- Associated Press - Friday, August 22, 2014

AUSTIN, Texas (AP) - The Texas Ethics Commission has moved forward with a measure to out secret campaign donors despite a pending federal lawsuit by a conservative group over whether the commission has the authority to regulate dark money disclosure.

The San Antonio Express-News (https://bit.ly/1vp7HOC ) reports the eight-member commission presented a draft proposal Thursday to require some politically active nonprofits to reveal their anonymous donors. It seeks to require a nonprofit to disclose donors if 25 percent or more of the nonprofit’s expenditures can be classified as politically motivated. It would also require disclosure if political contributions account for more than 25 percent of the group’s total contributions in a calendar year.

“We’re trying to figure out how we get to the public information about who is contributing to candidates,” said commission Chairman Jim Clancy, appointed by Gov. Rick Perry.

A fight over regulating dark money erupted last year when Perry vetoed a disclosure bill, saying it would have a chilling effect on donors and their freedom of speech.

Politically active nonprofits are allowed to spend money to influence elections on advertisements and other tools but can’t make direct contributions to a candidate. They are referred to as dark money groups because federal tax law allows their donors to remain secret.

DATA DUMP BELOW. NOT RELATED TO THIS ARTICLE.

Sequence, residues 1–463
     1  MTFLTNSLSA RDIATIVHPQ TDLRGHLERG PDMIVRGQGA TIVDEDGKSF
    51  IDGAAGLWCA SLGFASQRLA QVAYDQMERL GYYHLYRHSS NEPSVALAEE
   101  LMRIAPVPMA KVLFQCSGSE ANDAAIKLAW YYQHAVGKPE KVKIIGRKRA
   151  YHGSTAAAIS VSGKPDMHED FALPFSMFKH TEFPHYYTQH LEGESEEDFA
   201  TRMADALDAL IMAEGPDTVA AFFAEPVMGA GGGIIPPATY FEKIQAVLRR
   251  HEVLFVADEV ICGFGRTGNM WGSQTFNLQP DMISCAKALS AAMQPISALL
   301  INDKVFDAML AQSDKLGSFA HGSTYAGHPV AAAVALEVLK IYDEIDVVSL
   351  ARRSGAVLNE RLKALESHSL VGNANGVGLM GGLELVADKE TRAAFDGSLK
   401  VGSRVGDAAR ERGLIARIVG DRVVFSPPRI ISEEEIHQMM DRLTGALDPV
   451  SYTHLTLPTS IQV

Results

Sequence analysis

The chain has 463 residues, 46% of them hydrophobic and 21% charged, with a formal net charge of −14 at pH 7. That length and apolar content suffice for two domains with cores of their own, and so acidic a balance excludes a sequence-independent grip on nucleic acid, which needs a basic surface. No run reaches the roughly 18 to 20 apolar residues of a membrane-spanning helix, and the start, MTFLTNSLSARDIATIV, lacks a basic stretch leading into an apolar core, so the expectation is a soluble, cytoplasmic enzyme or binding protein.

The Texas Home School Association, a politically active nonprofit, sued the commission last month in federal court in an attempt to prevent regulators from proceeding with dark money proposals. That case is pending.

Lawyers who represent politically active nonprofits have said they will fight the regulation.

“This is a slam dunk from a court case perspective,” said Trey Trainor, an Austin lawyer who represents Empower Texans, the state’s highest spending dark money group. “This is completely unconstitutional but perfectly in line with where this commission wants to go with regulating speech.”

The commission will accept public comments on the proposal for at least 30 days.


Information from: San Antonio Express-News, https://www.mysanantonio.com

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